This article is more than 1 year old
Google's Schmidt predicts end to global censorship in a DECADE
China, North Korea, Syria ... are you listening?
Google executive chairman Eric Schmidt has been shooting his mouth of again – this time predicting the end of global internet censorship within a decade.
The Chocolate Factory supremo was speaking at Johns Hopkins University on Wednesday.
"First they try to block you; second, they try to infiltrate you; and third, you win. I really think that's how it works. Because the power is shifted," he said, according to Reuters.
"I believe there's a real chance that we can eliminate censorship and the possibility of censorship in a decade."
It’s a bold prediction but not one China is likely to agree with anytime soon, given the huge resources and political will behind its vast censorship apparatus, dubbed the Great Firewall.
In fact, it’s more than likely that Schmidt’s optimistic words will go down in history alongside Bill Gates’ famous declaration back in 2004 that spam would be a thing of the past by 2006.
The path is well trodden. Google co-founder Sergey Brin famously questioned China’s long-term ability to restrict the free flow of information online only to backtrack a few years later.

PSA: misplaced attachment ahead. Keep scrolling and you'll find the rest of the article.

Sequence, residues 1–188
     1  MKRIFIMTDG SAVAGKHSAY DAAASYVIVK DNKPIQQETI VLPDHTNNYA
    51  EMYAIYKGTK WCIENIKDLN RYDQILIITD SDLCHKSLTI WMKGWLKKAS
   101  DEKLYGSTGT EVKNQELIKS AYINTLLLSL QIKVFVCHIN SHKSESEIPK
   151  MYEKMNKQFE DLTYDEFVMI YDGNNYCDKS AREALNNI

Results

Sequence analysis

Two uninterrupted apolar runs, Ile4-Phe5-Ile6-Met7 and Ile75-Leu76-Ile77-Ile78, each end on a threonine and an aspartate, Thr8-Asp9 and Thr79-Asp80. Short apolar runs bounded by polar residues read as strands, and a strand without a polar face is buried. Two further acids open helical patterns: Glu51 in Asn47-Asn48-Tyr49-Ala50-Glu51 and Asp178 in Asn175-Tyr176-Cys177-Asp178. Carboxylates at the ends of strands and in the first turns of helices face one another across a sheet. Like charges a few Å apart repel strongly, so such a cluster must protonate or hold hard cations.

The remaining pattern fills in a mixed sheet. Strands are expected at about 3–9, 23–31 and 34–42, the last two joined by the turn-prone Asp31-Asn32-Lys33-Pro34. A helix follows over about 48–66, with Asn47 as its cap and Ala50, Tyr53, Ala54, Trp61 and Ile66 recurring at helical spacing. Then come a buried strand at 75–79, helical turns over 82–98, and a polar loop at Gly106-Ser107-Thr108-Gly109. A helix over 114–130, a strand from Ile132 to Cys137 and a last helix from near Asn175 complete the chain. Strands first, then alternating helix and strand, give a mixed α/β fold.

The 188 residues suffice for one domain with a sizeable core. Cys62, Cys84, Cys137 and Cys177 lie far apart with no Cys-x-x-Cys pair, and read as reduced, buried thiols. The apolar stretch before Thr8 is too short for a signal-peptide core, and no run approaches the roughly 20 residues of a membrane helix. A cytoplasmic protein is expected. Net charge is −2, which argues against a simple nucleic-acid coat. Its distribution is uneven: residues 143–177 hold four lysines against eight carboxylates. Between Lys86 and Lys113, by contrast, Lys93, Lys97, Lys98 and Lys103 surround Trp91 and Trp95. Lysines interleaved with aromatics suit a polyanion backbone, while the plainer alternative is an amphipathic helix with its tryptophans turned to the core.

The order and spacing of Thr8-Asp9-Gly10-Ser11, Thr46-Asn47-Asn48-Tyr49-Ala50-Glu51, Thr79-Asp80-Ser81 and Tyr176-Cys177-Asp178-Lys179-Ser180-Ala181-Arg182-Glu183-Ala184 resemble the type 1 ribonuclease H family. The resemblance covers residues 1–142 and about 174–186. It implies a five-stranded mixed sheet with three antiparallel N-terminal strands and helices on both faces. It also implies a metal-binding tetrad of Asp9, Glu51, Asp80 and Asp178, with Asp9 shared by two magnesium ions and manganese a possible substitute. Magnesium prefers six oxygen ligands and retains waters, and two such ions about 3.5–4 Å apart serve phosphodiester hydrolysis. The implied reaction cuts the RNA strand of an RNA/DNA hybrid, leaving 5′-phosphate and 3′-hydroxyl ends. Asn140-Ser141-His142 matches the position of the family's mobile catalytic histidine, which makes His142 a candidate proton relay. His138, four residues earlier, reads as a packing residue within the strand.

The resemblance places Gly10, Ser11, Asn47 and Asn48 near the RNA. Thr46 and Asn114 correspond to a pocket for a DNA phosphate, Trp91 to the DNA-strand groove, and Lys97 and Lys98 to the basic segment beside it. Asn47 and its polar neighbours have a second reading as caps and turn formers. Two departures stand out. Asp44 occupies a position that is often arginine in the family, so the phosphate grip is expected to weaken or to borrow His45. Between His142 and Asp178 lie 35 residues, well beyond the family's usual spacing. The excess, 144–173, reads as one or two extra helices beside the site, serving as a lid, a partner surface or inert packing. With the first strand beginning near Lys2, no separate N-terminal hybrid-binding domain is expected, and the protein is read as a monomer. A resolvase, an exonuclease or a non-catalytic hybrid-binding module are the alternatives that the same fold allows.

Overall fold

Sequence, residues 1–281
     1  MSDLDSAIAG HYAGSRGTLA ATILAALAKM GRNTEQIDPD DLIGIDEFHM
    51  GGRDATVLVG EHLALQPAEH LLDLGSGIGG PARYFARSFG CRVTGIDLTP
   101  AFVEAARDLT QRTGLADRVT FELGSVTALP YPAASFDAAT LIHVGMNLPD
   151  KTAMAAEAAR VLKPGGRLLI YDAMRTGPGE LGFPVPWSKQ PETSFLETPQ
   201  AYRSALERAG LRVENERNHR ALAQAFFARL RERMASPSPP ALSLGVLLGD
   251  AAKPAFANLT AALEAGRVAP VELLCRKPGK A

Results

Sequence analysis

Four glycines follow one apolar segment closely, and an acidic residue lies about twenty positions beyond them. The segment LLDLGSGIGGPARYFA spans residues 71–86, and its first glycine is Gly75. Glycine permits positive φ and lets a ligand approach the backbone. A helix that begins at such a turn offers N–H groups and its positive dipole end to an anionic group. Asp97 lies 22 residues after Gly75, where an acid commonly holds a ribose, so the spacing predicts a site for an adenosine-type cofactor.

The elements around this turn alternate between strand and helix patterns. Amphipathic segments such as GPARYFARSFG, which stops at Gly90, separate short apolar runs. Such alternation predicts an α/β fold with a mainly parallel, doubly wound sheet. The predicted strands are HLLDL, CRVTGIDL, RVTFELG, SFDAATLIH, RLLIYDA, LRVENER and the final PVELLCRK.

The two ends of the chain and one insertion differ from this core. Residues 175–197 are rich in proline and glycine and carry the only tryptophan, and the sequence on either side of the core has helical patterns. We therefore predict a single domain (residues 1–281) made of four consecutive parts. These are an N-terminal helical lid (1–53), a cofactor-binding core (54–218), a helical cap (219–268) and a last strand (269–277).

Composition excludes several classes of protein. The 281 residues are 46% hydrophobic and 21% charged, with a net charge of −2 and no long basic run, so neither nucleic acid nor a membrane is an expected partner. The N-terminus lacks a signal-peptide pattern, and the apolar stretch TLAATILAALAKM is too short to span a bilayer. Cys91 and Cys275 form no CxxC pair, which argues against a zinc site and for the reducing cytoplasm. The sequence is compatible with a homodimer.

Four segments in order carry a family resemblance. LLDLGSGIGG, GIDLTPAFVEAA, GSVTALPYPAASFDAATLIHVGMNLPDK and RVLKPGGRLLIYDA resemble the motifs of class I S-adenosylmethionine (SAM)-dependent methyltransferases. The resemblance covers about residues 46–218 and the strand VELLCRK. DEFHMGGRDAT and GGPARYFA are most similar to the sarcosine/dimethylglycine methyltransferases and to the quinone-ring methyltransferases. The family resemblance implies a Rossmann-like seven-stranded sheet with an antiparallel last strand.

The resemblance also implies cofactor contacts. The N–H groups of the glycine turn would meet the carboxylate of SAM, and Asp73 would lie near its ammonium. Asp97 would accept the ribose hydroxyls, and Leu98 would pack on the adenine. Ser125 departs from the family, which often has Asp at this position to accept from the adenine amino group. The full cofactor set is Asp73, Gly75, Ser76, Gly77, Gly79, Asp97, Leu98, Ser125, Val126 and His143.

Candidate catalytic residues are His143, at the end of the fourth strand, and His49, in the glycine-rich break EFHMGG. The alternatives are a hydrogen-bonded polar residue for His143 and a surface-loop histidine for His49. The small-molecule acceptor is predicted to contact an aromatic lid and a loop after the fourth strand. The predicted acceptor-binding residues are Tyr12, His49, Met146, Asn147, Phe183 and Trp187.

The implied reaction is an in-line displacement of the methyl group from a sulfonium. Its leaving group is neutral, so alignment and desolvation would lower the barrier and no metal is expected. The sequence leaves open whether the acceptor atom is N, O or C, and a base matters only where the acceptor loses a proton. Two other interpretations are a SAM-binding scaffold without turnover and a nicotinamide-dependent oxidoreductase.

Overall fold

"I thought there was no way to put the genie back in the bottle, but now it seems in certain areas the genie has been put back in the bottle,” he said last year.
China is not the only country censoring the interwebs, of course, but it is the most sophisticated.
Schmidt also had a few words for the NSA, claiming that “with sufficiently long keys and changing the keys all the time”, encryption can be a decent foil to snooping spooks.
"It's pretty clear to me that government surveillance and the way in which governments are doing this will be here to stay in some form, because it's how the citizens will express themselves, and the governments will want to know what they're doing," he added.
"In that race, I think the censors will lose, and I think that people would be empowered."
Whether the global population can escape the tyranny of Google’s data slurping Street View cars, of course, is another matter. ®